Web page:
March 30, 2020
Author: Bryan Gallant
The COVID-19 pandemic has forced many employers to face the difficult prospect of temporarily laying off (or at least reducing the hours or salaries) of some or all of their employees. Many of those employees will qualify for EI benefits, with a maximum payment of $573 per week. Others may qualify for other relief, such as the recently announced Canada Emergency Response Benefit (CERB). This benefit provides eligible workers who lose their income as a result of the COVID-19 pandemic (and do not otherwise qualify for EI benefits) with $2,000 per month for up to 4 months. These forms of relief may simply not be enough to meet the employees’ financial needs.
We have summarized a number of options available to employers to help maximize benefits to their employees facing temporary layoff or reduced income.
Hours Reduction VS. Temporary Layoff
Reducing an employee’s hours or issuing a temporary layoff where a specific contractual right to do so does not exist creates risk of an employee declaring constructive dismissal. However, if a business decides to implement a cost-reduction program having considered those risks, it is important to also give thought to whether certain employees are key to a business and should be placed on a reduced-hours schedule rather than a temporary layoff.
Employees who have their earnings reduced may still be able to apply for relief as described below, while also remaining available to conduct necessary operations. Some employees may also prefer to work reduced hours as opposed to receiving a temporary layoff; resulting in consent to implement a change rather than an employer implementing change unilaterally.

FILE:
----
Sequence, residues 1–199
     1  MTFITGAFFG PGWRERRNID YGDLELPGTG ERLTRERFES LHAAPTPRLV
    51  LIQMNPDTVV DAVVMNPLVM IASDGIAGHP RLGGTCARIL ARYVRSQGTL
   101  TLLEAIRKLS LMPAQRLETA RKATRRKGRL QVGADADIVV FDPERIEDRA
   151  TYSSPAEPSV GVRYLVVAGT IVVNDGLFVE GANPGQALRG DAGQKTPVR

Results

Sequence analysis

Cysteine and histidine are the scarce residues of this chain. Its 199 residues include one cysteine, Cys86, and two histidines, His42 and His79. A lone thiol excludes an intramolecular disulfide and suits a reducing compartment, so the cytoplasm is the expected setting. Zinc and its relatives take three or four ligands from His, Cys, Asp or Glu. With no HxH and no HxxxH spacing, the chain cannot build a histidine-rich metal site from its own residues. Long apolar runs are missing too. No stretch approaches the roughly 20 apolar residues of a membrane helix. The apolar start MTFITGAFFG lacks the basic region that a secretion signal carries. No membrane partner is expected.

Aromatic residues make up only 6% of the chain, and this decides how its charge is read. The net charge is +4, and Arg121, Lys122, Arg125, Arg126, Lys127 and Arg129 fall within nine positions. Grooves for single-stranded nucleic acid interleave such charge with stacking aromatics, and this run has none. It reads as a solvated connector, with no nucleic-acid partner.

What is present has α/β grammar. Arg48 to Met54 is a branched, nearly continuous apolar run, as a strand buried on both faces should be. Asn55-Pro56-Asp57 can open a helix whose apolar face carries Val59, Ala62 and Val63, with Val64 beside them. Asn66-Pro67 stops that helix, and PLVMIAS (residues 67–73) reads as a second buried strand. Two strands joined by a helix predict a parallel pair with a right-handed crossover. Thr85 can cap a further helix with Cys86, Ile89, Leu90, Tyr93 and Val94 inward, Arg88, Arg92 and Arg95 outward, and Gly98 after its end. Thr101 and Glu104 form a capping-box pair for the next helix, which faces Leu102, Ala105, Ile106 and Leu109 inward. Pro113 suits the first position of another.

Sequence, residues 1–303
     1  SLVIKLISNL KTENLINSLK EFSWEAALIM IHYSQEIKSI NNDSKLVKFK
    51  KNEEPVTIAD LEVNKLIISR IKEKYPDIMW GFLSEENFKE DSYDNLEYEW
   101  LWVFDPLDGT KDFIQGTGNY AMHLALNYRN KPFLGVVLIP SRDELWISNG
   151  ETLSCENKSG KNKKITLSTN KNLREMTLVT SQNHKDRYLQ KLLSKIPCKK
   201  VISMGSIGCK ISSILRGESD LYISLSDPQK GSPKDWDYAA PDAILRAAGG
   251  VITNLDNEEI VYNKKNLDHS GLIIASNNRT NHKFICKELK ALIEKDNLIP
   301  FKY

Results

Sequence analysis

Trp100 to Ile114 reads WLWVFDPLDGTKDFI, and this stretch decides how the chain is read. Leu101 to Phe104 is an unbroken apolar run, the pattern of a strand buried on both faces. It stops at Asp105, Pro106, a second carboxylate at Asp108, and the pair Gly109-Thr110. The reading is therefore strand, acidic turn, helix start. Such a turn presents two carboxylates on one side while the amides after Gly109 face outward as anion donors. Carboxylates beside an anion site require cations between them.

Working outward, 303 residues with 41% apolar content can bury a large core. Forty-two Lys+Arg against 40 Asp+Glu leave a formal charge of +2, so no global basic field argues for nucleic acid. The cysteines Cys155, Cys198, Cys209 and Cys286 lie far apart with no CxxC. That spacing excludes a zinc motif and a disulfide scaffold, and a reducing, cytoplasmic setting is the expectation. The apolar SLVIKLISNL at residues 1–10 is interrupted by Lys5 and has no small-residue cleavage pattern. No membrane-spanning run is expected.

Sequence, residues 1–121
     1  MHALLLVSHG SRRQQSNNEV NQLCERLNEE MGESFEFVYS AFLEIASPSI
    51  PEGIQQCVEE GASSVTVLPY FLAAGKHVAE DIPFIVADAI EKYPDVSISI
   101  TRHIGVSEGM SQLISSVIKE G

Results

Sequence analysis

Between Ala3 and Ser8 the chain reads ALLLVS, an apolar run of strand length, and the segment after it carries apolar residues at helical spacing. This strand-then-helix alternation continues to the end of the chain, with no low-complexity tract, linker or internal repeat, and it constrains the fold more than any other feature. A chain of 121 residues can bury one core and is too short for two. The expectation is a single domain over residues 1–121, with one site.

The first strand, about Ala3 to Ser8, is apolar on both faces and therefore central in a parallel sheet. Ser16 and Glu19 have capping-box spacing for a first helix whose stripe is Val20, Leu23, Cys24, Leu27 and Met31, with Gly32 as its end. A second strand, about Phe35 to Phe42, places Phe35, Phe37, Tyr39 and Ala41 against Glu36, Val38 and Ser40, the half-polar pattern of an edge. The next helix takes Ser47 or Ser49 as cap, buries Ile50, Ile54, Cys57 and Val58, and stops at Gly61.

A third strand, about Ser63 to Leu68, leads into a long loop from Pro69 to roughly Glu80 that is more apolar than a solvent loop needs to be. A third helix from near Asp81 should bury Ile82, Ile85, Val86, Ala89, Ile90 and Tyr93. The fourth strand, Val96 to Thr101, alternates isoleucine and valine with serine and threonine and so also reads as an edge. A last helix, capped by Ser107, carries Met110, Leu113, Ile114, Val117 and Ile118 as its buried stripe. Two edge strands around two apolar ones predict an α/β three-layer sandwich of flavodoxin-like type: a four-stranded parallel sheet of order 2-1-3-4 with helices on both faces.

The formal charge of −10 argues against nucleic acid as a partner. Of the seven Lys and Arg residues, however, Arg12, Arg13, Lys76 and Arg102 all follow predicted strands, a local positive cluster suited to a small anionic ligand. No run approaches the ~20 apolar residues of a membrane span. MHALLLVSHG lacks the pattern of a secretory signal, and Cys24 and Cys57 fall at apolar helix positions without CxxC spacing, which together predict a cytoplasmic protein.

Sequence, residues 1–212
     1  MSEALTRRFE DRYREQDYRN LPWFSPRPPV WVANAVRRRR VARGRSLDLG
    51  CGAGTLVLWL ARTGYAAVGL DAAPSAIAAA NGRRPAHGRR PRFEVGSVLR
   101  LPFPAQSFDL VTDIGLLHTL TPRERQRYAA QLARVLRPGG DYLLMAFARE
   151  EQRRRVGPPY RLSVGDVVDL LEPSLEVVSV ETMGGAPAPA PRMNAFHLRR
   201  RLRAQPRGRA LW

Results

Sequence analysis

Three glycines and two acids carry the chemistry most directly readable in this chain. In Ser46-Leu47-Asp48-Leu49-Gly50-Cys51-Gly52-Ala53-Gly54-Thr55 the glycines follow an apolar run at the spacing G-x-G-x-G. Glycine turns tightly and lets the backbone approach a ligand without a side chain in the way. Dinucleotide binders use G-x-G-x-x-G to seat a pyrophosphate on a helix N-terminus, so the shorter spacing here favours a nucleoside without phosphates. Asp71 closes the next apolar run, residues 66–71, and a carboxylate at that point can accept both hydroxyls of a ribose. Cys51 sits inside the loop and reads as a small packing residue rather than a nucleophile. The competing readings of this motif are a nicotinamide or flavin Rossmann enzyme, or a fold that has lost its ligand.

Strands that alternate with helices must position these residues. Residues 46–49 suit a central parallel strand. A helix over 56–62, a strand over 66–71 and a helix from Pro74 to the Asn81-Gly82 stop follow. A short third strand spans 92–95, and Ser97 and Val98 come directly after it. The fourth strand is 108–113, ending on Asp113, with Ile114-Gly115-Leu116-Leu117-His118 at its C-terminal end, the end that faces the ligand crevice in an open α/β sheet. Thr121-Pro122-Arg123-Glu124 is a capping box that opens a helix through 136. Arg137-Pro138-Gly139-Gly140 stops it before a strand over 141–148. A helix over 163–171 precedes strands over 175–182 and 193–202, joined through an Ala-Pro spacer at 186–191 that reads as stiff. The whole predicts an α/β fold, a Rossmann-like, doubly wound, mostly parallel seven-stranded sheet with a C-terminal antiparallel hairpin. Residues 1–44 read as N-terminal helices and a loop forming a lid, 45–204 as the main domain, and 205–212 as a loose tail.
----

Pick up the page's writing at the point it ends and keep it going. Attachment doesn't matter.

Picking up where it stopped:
Strategic Use of Accrued Time
Employers can consider implementing mandatory use of accrued time including:
- vacation days
- sick days or personal days
- banked overtime
The effectiveness of this strategy will depend on how much time the employee has accrued, the degree to which their hours must be reduced, and the duration of the expected reduction. We recommend consulting a member of the Carbert Waite Employment Law Group to ensure compliance with applicable employment standards legislation if implementing this in your workplace.
Depending on the circumstances, it may be more beneficial to the employee for the employer use one of the other federal government programs described below.
Wage Subsidy Program
The federal government announced the Canada Emergency Wage Subsidy (CEWS) program to help businesses cope with the economic impacts of this pandemic. The program gives a wage subsidy to eligible employers who experience at least a 30% drop in revenue. The amount of the subsidy is up to 100% of the first 75% of pre-pandemic wages and salaries to a maximum benefit of $847/week/employee. The program covers the period from March 15 to June 6, 2020. There is no overall limit on the subsidy amount that an eligible employer can claim.